Salt Water Skin Boats

Location: Abbotsford, B.C. Canada
Featured Work: Salt Water Skin Boats

Describe your featured work
Salt Water Skin Boats is a research-creation project that started in 2014. It crystalizes peer-evaluated research on ocean change into a soundscape and sculptural boat-like forms to create an immersive experience for the viewer. Illuminated from within, the fleshy, boat-like objects float overhead, submerging viewers in an imagined aqueous environment: a briny sea, a deep ocean channel, or perhaps something more elemental, like a womb. Circuitous branches of willow, dogwood, fig, and cedar form delicate armatures resembling river tributaries, prefiguring the vascular patterns echoed in the gut, skins, and bathymetric maps used to create their hulls. Shaped like coracles, ancient vessels used to traverse global waterways long before humans shifted the CO2 balance of the planet, these woven hulls are pre-colonial. The surfaces are at once flesh and ocean surface. They remind us of the surface cracks in ice, rivulets of light, or is it melting glacial water? Each vascular hull is covered with ocean prayers and provocations written in the voice of the ocean and scientific formulas. The extended-duration ambient ocean soundscape is composed as a sentient ecosystem that moves through the space in waves of sound. Ever-transforming constellations of voices—water, wind, creature, human, breath, and heartbeat—are intermittently interrupted by the voices of technology and science—sonar, submarine, ship, and plane. Created as a living, breathing entity intended to bring ocean life into the listener’s awareness, the soundscape asks what if that life could be heard?

Lifeboat 2 (Salted with fire), 2018, Fig branches, elk hide, cheesecloth, bathymetric ocean maps, beeswax, salt, ash, sinew, binder twine, LED lights. 472 cm x 132 cm x 65 cm
Lifeboat 6 (Listening in, ocean oracle), 2017, Dogwood+willow branches, cheesecloth, bathymetric ocean maps, red yarn, beeswax, twine, LED lights, woven in part during a knowledge-sharing workshop (Surrey Library)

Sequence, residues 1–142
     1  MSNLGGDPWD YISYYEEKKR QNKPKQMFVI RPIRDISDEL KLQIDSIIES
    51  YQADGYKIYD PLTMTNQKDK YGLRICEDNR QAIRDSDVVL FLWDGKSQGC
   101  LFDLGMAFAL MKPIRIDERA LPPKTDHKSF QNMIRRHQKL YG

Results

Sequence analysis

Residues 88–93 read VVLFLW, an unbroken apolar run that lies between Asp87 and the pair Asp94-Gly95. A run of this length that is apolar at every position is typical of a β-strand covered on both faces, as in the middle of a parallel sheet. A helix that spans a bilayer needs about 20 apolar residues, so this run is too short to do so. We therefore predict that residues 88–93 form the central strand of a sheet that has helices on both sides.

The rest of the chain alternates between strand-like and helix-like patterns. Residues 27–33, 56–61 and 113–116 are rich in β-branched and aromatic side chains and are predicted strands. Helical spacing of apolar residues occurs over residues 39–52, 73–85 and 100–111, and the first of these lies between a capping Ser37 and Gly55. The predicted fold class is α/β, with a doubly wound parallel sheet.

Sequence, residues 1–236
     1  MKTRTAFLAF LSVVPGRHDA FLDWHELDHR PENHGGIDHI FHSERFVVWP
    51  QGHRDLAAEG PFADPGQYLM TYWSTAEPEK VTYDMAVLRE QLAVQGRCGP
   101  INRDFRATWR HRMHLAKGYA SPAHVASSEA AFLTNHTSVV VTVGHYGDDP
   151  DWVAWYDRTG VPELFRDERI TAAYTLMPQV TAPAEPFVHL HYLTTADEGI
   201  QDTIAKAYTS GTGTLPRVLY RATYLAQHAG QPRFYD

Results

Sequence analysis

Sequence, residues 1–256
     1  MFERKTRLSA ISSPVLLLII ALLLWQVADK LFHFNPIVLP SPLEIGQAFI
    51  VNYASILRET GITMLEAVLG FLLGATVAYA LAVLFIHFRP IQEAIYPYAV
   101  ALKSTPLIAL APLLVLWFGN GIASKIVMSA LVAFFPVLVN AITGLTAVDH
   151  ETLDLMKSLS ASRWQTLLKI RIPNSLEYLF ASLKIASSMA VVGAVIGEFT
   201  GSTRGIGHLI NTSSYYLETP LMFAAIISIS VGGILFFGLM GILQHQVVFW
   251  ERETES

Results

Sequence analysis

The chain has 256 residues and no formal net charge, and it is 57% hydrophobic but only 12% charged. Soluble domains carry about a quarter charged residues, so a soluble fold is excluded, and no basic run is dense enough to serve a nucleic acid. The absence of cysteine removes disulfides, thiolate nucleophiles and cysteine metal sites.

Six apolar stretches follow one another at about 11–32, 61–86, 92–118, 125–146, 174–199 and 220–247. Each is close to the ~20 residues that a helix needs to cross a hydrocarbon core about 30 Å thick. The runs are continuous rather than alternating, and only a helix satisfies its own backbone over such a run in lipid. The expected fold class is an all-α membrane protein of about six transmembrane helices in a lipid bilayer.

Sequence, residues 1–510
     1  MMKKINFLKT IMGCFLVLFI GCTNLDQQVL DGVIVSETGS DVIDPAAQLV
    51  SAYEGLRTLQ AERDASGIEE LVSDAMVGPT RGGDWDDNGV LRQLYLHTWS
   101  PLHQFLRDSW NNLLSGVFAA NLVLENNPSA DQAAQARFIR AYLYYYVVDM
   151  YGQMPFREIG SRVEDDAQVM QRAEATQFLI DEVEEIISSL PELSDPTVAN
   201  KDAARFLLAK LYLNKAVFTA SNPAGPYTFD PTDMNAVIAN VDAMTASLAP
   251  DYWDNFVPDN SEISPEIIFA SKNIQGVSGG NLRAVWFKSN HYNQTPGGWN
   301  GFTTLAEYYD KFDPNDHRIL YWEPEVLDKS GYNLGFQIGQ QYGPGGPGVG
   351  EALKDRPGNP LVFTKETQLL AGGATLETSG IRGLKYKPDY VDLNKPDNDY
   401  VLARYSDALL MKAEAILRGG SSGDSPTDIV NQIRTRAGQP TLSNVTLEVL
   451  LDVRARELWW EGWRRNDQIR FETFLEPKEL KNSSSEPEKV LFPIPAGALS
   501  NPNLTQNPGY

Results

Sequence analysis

Installation view of Grief Works/Hope Works in the O’Conner Gallery, Chilliwack Cultural Center, B.C.











Artist Statement
Fueled by environmental urgency, Erica draws on collaborative, interdisciplinary, and socially engaged practices to create large-scale installations. Her odd, sculptural, boat-like forms, called “material semiotic entanglements,” invite curiosity and draw connections between embodiment and environment. She interweaves all kinds of ordinary materials—branches, bathymetric ocean maps, ear-buds, hog-gut, plastics, yarn, elk skin, salt, sheepskin, airplane dacron, wax, cheesecloth, ash, binder twine, scientific and poetic texts, medical imagery, drawn fragments, video, ambient soundscapes—to try to make sense of things. Her material practice is rooted in a decades-long drawing practice, fascination with materials, and curiosity about liminal, phenomenological, saturated, or otherwise inexplicable but ordinary experiences. She continues to draw on paper, in research journals, and in space with branches, objects, and sound.

What are you making now?
At the moment I am making a murmuration of hand-held coracles for a small gallery in BC. Woven with sage branches, skinned with hog gut, each contains a cryptic note. These tiny objects suggest ancient boats, layer embodiment with environmental metaphors, and invite viewers to imagine what nature would whisper to us if we had ears to hear. What if we were to cultivate a new intimacy with the earth? What would this intimacy reveal?
I am also editing/rewriting my PhD dissertation The Aesthetics of Attentiveness for Wilfred Laurier University Press. They have invited me to wrap my dissertation, written from the vantage point of a maker, around the Salt Water Skin Boats Project, including the research I have done since 2012. It opens with being “stopped” by a heart attack, identifies recurrent phases of aesthetics acts and connects with the current global ecological crisis.

Why do you belong to CIVA?
I attended my first CIVA conference in 1991, roughly a year after the birth of my first child. Although, in all honesty, much of what I did at that first conference was sleep, I observed a remarkable group of people from every spectrum of the art world. Here was a conference that was not primarily about ego or competitive performance, but about inclusion, giving support, and facilitating growth. Over the years, CIVA has grown, deepened, changed, struggled, and helped an amazing number of people, myself included, become better artists. Laurel Gasque enlisted me to assist with the Montreal CIVA conference, after which I was hooked, and served on the board for a number of years. Numerous lifelong friendships are among the many things for which I am grateful to CIVA.

Erica Grimm is Professor of Art in the School of the Arts, Media, and Culture at Trinity Western University. Canada Council and SSHRC Grant holder, she was Campion College’s 2002 Distinguished Nash Lecturer, the recipient of the Imago National Juried Art Prize, and U of R Distinguished Alumnae. Widely exhibited, she is included in many private and public collections such as the Vatican, Canada Council Art Bank, and Richmond Art Gallery.